Social Security Benefits
Social Security benefits are a percentage of your earnings averaged over most of your working lifetime. Social Security was never intended to be your only source of income when you retire or become disabled, or your family's only income if you die. It is intended to supplement other income you have from pension plans, savings, investments, etc. Low income workers receive a higher rate of return than those in the upper income brackets, but a worker with average earnings can expect a retirement benefit that represents about 40 percent of his or her average lifetime earnings.
There are five major categories of benefits paid for through your Social Security taxes: retirement, disability, family benefits, survivors and Medicare.
Benefits are payable at full retirement age (with reduced benefits available as early as age 62) for anyone with enough Social Security credits. The full retirement age is 65 for persons born before 1938. The age gradually rises until it reaches 67 for persons born in 1960 or later. People who delay retirement beyond full retirement age get special credit for each month they don't receive a benefit until they reach age 70.
Benefits can be paid to people at any age who have enough Social Security credits and who have a severe physical or mental impairment that is expected to prevent them from doing "substantial" work for a year or more or who have a condition that is expected to result in death. Generally, earnings of $800 or more per month are considered substantial. The disability program includes incentives to smooth the transition back into the workforce, including continuation of benefits and health care coverage while a person attempts to work.
If you are eligible for retirement or disability benefits, other members of your family might receive benefits, too. These include: your spouse if he or she is at least 62 years old or under 62 but caring for a child under age 16; and your children if they are unmarried and under age 18, under 19 but still in school or 18 or older but disabled. If you are divorced, your ex-spouse could be eligible for benefits on your record.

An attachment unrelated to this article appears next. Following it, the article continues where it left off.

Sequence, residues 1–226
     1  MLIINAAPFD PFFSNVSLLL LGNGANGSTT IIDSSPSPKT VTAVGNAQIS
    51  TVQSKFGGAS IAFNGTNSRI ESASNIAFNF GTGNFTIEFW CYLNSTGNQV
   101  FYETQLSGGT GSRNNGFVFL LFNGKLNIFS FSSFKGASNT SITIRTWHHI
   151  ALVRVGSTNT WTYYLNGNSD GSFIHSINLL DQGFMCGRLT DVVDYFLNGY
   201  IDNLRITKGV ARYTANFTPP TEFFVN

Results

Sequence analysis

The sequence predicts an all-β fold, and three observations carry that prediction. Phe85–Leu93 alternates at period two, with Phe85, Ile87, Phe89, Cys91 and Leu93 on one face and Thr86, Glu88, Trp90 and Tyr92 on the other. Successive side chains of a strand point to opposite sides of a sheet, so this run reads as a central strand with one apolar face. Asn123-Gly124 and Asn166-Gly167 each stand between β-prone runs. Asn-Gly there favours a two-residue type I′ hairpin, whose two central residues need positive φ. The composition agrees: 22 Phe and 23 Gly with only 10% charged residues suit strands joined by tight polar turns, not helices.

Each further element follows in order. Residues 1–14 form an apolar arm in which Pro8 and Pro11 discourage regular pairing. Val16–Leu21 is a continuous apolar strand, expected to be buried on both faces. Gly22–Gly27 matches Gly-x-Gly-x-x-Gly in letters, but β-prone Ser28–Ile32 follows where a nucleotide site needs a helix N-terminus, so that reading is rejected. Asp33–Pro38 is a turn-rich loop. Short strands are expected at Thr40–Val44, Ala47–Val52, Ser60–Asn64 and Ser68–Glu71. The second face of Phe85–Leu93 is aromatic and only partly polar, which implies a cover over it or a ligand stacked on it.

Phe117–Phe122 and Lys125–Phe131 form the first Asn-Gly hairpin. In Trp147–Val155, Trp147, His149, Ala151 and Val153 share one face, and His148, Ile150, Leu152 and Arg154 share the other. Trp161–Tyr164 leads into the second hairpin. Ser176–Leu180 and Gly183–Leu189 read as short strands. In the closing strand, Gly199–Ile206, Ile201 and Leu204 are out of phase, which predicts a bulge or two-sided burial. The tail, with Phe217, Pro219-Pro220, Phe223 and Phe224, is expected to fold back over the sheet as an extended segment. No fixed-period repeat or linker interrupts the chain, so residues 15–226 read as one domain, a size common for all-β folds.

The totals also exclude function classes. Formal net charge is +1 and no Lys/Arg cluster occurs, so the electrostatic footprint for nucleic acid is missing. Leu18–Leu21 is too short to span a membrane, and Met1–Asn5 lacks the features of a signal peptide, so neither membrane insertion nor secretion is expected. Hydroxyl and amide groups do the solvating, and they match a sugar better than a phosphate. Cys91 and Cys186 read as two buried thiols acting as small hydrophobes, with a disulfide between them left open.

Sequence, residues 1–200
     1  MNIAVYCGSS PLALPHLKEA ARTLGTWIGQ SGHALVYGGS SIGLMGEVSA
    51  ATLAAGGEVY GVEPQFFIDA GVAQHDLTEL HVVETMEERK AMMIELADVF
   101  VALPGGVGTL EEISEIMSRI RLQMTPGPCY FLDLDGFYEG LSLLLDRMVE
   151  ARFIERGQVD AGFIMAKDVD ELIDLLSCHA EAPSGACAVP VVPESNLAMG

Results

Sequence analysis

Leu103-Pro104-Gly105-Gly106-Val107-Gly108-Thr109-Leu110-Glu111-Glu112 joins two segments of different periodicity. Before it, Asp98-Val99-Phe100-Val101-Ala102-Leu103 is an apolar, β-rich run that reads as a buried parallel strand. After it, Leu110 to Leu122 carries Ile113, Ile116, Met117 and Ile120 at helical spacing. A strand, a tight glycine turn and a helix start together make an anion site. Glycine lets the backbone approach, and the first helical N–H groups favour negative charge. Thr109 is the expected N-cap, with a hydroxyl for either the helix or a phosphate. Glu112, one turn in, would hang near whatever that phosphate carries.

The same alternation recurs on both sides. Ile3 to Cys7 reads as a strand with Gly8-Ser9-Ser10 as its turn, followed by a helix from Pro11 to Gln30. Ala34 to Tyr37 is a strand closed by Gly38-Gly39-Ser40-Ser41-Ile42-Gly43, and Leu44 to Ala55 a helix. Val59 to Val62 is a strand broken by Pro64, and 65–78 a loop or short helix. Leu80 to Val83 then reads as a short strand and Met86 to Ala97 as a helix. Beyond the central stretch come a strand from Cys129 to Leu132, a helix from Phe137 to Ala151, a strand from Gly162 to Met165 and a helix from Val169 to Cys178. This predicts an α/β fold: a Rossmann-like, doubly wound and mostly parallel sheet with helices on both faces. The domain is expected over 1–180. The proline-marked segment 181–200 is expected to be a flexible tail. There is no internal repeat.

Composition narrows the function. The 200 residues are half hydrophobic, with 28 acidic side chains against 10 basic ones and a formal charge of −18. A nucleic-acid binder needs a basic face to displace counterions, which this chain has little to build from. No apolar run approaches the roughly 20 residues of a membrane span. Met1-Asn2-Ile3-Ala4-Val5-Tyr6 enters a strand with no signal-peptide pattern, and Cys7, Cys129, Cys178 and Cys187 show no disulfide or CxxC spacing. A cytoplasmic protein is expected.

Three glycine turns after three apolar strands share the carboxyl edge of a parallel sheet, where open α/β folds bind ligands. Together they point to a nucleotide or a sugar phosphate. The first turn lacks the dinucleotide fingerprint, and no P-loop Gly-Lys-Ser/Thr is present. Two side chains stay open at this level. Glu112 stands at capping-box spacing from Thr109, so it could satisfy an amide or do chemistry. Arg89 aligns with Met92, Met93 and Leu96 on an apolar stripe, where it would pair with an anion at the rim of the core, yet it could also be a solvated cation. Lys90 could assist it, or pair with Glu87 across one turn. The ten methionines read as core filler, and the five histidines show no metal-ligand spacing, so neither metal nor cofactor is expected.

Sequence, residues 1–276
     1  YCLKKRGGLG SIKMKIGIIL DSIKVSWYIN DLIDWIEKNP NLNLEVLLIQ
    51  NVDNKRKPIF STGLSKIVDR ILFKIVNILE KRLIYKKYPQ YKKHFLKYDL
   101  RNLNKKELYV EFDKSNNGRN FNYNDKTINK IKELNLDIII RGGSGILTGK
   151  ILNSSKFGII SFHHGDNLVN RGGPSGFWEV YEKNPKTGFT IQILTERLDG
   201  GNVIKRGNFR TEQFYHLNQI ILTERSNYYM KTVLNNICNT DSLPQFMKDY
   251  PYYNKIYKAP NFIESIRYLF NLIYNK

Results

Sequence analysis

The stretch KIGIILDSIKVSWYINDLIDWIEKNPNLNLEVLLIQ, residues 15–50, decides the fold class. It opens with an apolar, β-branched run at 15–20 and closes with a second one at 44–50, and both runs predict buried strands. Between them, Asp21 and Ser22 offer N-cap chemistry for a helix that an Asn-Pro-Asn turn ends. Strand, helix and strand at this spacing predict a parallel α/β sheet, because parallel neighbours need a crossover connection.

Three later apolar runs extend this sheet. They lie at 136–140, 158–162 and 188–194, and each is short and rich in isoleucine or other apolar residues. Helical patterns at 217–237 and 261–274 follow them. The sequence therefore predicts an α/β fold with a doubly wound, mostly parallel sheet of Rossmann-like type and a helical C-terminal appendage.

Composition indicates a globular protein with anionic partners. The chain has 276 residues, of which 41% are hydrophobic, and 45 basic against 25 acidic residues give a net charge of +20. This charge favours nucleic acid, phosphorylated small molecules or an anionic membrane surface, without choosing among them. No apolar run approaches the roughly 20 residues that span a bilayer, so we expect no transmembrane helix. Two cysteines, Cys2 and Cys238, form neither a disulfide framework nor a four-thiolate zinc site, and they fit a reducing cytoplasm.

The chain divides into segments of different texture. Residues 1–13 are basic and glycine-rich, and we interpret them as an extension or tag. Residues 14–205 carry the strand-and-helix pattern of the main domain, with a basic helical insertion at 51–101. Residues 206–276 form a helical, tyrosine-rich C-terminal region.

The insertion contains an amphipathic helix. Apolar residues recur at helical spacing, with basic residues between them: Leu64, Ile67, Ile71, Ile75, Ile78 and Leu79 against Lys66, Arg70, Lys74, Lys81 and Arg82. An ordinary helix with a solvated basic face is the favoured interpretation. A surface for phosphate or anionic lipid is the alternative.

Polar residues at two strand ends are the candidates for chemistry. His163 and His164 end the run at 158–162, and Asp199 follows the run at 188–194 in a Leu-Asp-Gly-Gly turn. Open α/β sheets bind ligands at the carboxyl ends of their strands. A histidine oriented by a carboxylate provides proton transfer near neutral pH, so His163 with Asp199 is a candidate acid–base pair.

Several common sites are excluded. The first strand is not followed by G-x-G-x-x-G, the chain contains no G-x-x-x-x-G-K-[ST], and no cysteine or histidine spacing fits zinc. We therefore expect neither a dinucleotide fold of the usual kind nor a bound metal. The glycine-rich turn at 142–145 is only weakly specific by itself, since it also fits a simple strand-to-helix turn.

When you die, certain members or your family may be eligible for benefits if you earned enough Social Security credits while you were working. The family members include: a widow(er) age 60 or older, 50 or older if disabled or any age if caring for a child under age 16; your children if they are unmarried and under age 18, under 19 but still in school or 18 or older but disabled; and your parents if you were their primary means of support. A special one-time payment of $255 may be made to your spouse or minor children when you die. If you are divorced, your ex-spouse could be eligible for a widow(ER)'s benefit on your record.
There are two parts to Medicare: hospital insurance (sometimes called Part A) and medical insurance (sometimes called Part B). Generally, people who are over age 65 and getting Social Security automatically qualify for Medicare. People who have been getting disability benefits for two years also qualify. Others must file an application. Part A is paid for by a portion of the Social Security tax of people still working. It helps pay for inpatient hospital care, skilled nursing care and other services. Part B is paid for by monthly premiums of those who are enrolled and from general revenues. It helps pay for such items as doctors' fees, outpatient hospital visits and other medical services and supplies.
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